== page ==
Editorial: Embrace new food rules
Until recently the fact that there were schools and farms in the same community was little more than a coincidence.
Schools rarely bought food grown on local farms, and farmers found it difficult, if not impossible, to submit bids to sell anything to local districts.
Slowly but surely that's changing, and to the better. Students are getting fresh food, farmers have a new revenue source and the money is staying local.
Gov. Jennifer Granholm recently signed three new state laws intended to reduce complications for districts interested in buying local. The new farm-to-school initiatives removed bidding restrictions and require the state to help schools start their own programs.
Previously, districts had to seek formal bids for any food purchases of more than $20,000. The state now allows informal bids, which can be as simple as calling farmers to ask their prices, of up to $100,000. State education and agriculture departments have to offer training, hire a statewide farm-to-school coordinator and set up a directory of farmers able and willing to bid on school contracts.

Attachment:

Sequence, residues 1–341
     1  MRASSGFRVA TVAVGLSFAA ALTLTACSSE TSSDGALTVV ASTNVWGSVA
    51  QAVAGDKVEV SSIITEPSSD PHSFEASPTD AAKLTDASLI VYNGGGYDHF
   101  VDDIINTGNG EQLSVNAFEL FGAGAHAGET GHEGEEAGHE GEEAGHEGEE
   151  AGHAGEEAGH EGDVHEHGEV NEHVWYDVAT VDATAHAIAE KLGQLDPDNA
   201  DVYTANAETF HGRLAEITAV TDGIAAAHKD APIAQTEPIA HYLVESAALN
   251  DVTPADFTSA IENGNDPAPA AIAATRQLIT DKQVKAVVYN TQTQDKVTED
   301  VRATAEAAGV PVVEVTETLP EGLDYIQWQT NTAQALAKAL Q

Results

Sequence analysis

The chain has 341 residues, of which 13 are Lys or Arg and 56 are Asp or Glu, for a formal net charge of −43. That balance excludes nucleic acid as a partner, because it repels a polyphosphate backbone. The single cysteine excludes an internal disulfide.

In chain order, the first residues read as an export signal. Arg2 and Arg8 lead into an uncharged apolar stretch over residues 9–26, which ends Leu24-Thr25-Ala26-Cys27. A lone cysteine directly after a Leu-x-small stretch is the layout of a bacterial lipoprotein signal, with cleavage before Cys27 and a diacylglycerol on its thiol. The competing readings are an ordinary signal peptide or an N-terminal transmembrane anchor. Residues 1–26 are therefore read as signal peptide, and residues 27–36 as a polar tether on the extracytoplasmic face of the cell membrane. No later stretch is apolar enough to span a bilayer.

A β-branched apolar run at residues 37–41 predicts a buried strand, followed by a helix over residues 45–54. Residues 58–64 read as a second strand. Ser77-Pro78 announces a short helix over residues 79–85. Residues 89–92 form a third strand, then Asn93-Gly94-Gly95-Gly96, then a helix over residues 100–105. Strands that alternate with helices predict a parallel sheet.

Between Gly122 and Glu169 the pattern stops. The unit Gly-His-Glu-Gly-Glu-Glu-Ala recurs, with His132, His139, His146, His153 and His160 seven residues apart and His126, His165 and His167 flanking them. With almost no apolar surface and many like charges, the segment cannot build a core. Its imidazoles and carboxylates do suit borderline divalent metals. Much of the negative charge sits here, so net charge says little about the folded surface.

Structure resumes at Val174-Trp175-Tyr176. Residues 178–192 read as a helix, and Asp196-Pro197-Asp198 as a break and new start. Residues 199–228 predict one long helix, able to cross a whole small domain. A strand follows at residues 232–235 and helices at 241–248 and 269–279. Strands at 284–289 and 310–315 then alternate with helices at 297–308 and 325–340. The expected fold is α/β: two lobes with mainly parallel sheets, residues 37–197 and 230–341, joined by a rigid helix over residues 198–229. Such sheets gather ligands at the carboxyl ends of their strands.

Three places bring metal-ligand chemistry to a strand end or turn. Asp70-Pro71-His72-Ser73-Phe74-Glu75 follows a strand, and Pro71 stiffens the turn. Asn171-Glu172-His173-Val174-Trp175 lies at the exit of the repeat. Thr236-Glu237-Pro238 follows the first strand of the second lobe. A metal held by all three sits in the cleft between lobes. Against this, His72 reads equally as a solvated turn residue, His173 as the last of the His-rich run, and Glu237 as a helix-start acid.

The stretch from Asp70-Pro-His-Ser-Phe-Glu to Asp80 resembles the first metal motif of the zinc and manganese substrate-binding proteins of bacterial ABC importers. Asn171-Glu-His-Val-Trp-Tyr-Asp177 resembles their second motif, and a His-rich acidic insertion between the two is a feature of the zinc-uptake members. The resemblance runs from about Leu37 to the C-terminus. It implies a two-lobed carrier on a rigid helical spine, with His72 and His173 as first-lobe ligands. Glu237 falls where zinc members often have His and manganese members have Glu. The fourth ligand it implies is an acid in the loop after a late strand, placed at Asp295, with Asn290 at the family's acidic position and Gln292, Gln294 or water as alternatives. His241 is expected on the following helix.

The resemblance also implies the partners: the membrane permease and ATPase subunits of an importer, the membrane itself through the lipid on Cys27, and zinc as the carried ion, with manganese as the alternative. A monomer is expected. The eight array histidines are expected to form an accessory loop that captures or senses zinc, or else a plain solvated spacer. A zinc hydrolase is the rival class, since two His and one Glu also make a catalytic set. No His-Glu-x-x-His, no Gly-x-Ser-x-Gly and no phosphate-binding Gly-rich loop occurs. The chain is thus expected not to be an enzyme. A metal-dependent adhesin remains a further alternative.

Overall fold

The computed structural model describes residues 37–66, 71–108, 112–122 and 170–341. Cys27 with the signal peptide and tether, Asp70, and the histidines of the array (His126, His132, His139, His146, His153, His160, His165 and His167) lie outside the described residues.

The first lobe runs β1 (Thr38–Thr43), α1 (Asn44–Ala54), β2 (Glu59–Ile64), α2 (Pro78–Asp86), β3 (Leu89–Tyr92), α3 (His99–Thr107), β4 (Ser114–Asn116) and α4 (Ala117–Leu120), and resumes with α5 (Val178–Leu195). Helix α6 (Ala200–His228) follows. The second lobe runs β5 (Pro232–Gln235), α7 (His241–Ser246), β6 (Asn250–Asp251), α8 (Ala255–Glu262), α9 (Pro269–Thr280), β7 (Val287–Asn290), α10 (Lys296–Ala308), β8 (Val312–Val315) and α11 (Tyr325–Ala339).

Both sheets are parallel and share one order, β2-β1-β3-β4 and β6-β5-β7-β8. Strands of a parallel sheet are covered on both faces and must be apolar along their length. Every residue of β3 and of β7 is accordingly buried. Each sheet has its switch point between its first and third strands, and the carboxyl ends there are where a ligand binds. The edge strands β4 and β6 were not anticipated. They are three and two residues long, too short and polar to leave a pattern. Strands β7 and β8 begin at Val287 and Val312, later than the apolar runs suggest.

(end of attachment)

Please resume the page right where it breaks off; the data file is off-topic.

This all began because a few districts -- including a number in northwest Lower Michigan -- hired real chefs to produce food for school lunches from fresh ingredients. Districts were so used to reheating processed foods for lunches that changing was a big deal.
When Glen Lake Community Schools hired a chef and began adding local food to lunches, the district had to start small. "We could only do it around the fringes," said superintendent Joan Groening.
As of four years ago, just four area public districts, Grand Traverse Area Catholic Schools and the private Leelanau School in Glen Arbor had farm-to-school programs, according to Diane Conners, farm-to-school coordinator with the Michigan Land Use Institute in Traverse City. Now, that number has grown to more than 30 schools.
Districts buy asparagus from Empire, fruit from Leelanau County and tomatoes in Kingsley. Traverse City's Catholic schools, Benzie County, Frankfort-Elberta and Northport districts have all purchased grass-fed, hormone-free beef from Benzonia farmer Randy Rice.
Eric Hahn, president of Traverse City-based Cherry Capital Foods LLC, which distributes onions, potatoes and fruit to local districts, says the region's economy will prosper.
There must, of course, be strong protections built into the process, including ways to track contracting to ensure the process is open to all area farmers who want to participate and not skewed toward a favorite few.
The food itself must be closely monitored to ensure freshness and purity. One reason frozen processed foods became so popular was that the onus for ensuring food safety was largely off the schools.
With help from the state, districts should quickly learn how to handle those problems and should embrace the farm-to-school idea. It's an idea -- and a mindset -- worth embracing.